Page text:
Then the CEO added that Dolomit Ltd. “still works on a market basis”, their products’ quality and the company’s productivity can contribute to its good performance. “They have good stones, they are capable of meeting huge demands, there is never a shortage at their company.” The CEO also highlighted that Dolomit Ltd.’s production has been mechanized to a great extent. At the company, for example, stones are screened with an electric screening system. This equipment is a huge investment, but, on the long run, it is more profitable than diesel machines, thus contributing to higher profit margins.

Besides Dolomit Ltd., other companies owned by the Orbán family also started to show spectacular growth as of 2014. Earlier, Direkt36 published a series of articles about how EU-funded public projects secretly contribute to the spectacular performance of the Orbán-companies. Many of these projects were won by companies and business partners of Lorinc Meszaros, a friend of the PM and a former gas fitter, who has become one of the country’s richest people, while the companies of the Orbán family supplied building materials for these projects.

Earlier, several sources familiar with the projects told Direkt36 that Dolomit Ltd. was chosen as a supplier in spite of the fact that its products are much more expensive than those of its competitors. An employee of a company which oversaw one of the sewage projects said that the prices of Dolomit Ltd.’s products could be as much as 30 percent higher than those of competing suppliers, although he added that Dolomit Ltd.’s products were of higher quality.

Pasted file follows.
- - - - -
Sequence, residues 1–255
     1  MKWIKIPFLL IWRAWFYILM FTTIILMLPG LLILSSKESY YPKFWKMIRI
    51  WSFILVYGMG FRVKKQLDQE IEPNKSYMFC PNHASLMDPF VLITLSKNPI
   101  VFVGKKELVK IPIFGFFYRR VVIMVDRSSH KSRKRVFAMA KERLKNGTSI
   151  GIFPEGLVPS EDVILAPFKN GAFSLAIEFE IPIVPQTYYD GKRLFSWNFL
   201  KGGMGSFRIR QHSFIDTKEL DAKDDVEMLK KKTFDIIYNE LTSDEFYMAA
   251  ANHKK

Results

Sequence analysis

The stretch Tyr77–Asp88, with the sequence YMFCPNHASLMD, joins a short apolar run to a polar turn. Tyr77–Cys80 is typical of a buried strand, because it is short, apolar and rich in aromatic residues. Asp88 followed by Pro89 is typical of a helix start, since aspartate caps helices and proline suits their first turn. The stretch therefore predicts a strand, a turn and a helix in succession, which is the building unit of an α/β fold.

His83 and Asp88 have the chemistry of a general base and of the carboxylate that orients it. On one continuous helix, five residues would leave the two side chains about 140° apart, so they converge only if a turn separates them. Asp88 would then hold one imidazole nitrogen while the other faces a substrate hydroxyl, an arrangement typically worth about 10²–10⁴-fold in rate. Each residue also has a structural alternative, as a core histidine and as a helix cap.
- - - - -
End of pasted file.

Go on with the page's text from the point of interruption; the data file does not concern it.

An employee of one of Dolomit Ltd.’s competitors also confirmed that Győző Orbán’s products are of good quality. At the same time, several sources noted that contractors are very sensitive to prices and therefore prefer to choose the cheapest supplier. “I was surprised [that] they bought the more expensive [products],” said a source involved in one

  • Blanka Zöldi
  • András Pethő

    András is a co-founder, editor and executive director of Direkt36. Previously, he was a senior editor for leading Hungarian news site Origo before it had been transformed into the government’s propaganda outlet. He also worked for the BBC World Service in London and was a reporter at the investigative unit of The Washington Post. He has contributed to several international reporting projects, including The Panama Papers. He twice won the Soma Prize, the prestigious annual award dedicated to investigative journalism in Hungary. He was a World Press Institute fellow in 2008, a Humphrey fellow at the University of Maryland in 2012/13, and a Nieman fellow at Harvard University in 2019/20. András has taught journalism courses at Hungarian universities.